Having a lead user within your marketing team helps you become more market-oriented. However, the key is not to treat them as an employee and attempt to influence them. Instead, allow them to embrace the customer mindset and encourage them to challenge your assumptions and decisions.
You could take inputs for product development, messaging and media selection from the lead user.
R – Review Meetings: Bridging Gaps with Insights:
Do a periodic joint review meeting with sales, marketing and CRM team. This helps not just sorting out issues like lead qualification, poor conversions, reasons for order cancellation but also the teams can cross-pollinate their knowledge about the customers, competition and other evolving trends.
I would consider the joint review meetings as the strategic lever of growth since it brings more alignment and shared responsibility among the teams.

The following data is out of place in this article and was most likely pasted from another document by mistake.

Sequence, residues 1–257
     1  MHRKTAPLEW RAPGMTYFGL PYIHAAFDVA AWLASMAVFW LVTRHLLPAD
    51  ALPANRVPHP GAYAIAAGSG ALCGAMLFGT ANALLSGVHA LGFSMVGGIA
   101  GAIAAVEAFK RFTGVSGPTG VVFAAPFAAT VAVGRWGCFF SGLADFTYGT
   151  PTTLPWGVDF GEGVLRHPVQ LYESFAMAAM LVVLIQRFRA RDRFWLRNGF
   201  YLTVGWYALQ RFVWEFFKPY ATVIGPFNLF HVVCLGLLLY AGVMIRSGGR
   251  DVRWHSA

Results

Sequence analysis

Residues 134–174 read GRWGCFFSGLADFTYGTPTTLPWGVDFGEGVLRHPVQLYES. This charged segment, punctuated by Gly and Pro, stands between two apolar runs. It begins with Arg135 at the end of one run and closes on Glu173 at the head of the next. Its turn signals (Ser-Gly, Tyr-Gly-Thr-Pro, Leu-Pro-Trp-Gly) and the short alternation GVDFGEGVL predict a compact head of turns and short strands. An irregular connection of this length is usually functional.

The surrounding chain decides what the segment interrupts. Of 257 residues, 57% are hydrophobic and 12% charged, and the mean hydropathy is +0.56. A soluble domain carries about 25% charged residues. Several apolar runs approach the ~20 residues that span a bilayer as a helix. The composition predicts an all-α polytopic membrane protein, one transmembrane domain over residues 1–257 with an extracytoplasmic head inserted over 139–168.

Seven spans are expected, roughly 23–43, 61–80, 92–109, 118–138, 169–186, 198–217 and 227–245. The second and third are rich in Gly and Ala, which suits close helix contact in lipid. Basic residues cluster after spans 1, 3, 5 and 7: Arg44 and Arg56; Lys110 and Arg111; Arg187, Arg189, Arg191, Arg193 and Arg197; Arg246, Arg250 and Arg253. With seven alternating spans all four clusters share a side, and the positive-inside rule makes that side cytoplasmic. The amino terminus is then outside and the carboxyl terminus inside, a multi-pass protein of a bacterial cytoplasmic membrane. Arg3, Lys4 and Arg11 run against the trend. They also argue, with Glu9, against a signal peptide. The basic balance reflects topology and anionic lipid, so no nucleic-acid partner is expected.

My first question to my consulting clients when they say our sales conversion is poor and customer churn is high: I ask them, ‘When was the last time your sales, marketing and CRM team met?’
K – Knowledge Flow Empowers Innovation:
Information shouldn’t be stagnant; it should be a river that nourishes growth.
You don’t win the game of football by keeping the ball with you for a longer time. You need to pass it quickly so that your other team members take it near to the goal post.
This analogy aptly parallels organizational dynamics. Share data and insights and other critical market knowledge generously with all relevant team members.
For example, the CRM team’s insights about customer queries can be shared with the product development team. This enables them to contemplate new products or additional features for existing ones.